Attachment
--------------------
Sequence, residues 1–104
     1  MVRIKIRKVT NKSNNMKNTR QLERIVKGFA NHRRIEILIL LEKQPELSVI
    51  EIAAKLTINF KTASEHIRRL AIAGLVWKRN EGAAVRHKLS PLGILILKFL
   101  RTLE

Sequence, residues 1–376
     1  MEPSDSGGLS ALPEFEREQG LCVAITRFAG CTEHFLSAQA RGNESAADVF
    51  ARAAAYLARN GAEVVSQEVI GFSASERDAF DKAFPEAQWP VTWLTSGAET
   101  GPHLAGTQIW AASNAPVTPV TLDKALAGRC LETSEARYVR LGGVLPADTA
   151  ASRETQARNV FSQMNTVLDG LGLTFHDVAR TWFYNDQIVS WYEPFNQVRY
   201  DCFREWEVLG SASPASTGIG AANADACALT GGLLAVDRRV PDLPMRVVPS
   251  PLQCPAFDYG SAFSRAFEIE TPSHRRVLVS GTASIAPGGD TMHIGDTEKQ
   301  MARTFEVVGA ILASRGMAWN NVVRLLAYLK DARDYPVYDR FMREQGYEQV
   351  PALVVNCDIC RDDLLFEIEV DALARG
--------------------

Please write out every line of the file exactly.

Sequence, residues 1–104
     1  MVRIKIRKVT NKSNNMKNTR QLERIVKGFA NHRRIEILIL LEKQPELSVI
    51  EIAAKLTINF KTASEHIRRL AIAGLVWKRN EGAAVRHKLS PLGILILKFL
   101  RTLE

Sequence, residues 1–376
     1  MEPSDSGGLS ALPEFEREQG LCVAITRFAG CTEHFLSAQA RGNESAADVF
    51  ARAAAYLARN GAEVVSQEVI GFSASERDAF DKAFPEAQWP VTWLTSGAET
   101  GPHLAGTQIW AASNAPVTPV TLDKALAGRC LETSEARYVR LGGVLPADTA
   151  ASRETQARNV FSQMNTVLDG LGLTFHDVAR TWFYNDQIVS WYEPFNQVRY
   201  DCFREWEVLG SASPASTGIG AANADACALT GGLLAVDRRV PDLPMRVVPS
   251  PLQCPAFDYG SAFSRAFEIE TPSHRRVLVS GTASIAPGGD TMHIGDTEKQ
   301  MARTFEVVGA ILASRGMAWN NVVRLLAYLK DARDYPVYDR FMREQGYEQV
   351  PALVVNCDIC RDDLLFEIEV DALARG